5 Comments

Hey, it works!


Yeah, well it does.

You’re totally confused, I can see that.

As was I when I started doing my story outline, but now I gotten into the grove of it and it works fine. Mind you my biggest problem wasn’t outlining, but what to do after I outlined. I always felt that writing an outline was like writing am purposely incomplete draft, which meant I would have to do it all over again in a real first draft anyway. And besides it clashed with my concept of what artistic creation should be, something born in the moment out of a spark of inspiration.

Yeah, right.

But when your sparks come the way of the cranial equivalent of sticking a meta fork into a toaster, you need a Plan B.

Enter the outline.

And a realization of what an outline really is.

A map.

It shows you where you are and where you been, which makes it easy to keep track of a lot of elements that, when invented on the fly can be easily forgotten, even though the are crucial to the plot, if only for consistency sake.

And I’m all about consistency (as readers of this blog bloody well know!)

Ahem, moving on….

Little things like names. You know the names of things, characters and locations. I have to admit that it is beyond frustrating (and a little more embarrassing to boot) paging through dozens if not hundreds of pages of written text just to extract a name of a key character which for the love of me (and I do love myself very, very much) I completely forgotten.

I also realized that like a map, it only shows you the general route, but it is not the same as traveling it. So while you may know the location of X on a map, it is not the same as being in front of X and seeing it for what it is. The same thing with an outline/draft. The outline is the map, telling you where X is, the draft is (insert writer’s name here) looking at said location, interacting with it and generally experiencing it.

Now, I don’t know if I will abandon free-style discovery writing. I doubt it. But  is something that I will seriously consider whipping out from the toolbox when dealing with ambitious projects such as the current WIP.

Because sometimes you do have to stop and ask for directions.

———-

A peppy vocal trance song to lighten the mood. Enjoy!

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5 comments on “Hey, it works!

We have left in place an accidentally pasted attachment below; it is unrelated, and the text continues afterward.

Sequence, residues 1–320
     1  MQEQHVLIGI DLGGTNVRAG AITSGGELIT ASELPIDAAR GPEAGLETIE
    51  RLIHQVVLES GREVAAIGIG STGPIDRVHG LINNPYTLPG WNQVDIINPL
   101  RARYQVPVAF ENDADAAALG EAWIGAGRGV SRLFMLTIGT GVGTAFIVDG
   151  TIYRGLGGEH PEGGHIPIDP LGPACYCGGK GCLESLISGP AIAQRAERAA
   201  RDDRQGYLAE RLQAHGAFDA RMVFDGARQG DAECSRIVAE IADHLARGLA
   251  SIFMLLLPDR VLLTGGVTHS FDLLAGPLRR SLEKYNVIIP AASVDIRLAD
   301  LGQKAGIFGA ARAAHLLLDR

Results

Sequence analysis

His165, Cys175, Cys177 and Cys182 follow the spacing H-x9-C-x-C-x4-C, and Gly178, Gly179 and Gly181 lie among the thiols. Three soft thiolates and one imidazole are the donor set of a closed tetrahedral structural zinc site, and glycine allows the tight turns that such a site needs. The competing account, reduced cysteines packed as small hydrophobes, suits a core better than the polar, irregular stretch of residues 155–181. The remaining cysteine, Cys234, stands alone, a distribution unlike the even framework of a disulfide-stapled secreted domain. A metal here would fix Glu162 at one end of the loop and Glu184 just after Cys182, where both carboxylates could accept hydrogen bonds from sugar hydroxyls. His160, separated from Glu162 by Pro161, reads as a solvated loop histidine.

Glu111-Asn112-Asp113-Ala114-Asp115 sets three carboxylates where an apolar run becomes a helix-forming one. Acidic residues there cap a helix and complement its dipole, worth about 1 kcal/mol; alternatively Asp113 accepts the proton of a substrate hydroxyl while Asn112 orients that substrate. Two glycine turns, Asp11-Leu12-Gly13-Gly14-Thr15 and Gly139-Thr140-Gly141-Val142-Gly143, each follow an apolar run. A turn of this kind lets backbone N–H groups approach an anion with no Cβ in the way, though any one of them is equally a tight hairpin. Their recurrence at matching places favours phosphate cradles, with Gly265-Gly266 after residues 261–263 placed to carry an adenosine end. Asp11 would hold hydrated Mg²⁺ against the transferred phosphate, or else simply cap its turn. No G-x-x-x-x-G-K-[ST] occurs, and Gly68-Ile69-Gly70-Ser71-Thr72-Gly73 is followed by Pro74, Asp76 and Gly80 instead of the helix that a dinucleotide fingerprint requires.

1. Glad the outlining is working for you! 🙂

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  2. I’m also a ‘discovery writer’ who’s found that outlining can help out tremendously. I think the key is knowing how much is too much, and how much is just enough. If I were to write an encyclopedia entry for every little element in my world, I would go insane. But writing out a paragraph or two about each character, describing in broad strokes their background, upbringing, motivations, strengths, and weaknesses is really helpful. Sometimes, knowing more about your characters/setting simply opens the door for your discovery-writer mind to invent so much more than when you knew nothing.

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  3. Wonderful. I use to just write, but outlining (I do a high level chapter outline) has sped up my writing. Each time I do it I improve my time a bit more. I do go rogue, but I take a day or two to find my way back. It keeps the plot holes tied up. It was an easy transition for me, but for some other writers they just aren’t wired to do that and still come out with a great product.

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    • @Tasha

      Thank you.

      @onelowerlight

      Well, I’m really writing a plot outline, although I need to find a handy way to keep track of characters as well. Any suggestions?

      @LM Preston

      I’ll see what happens after I finish the outline. Mind you, it, like everything else at this stage is subject to change, so will see how it goes.

      Like

  4. […] my short stories, but for complicated projects like RoE, I needed to get organized somehow, and a plot outline seemed like the simplest way to go. But I’m still discovery writing the guts of the story. […]

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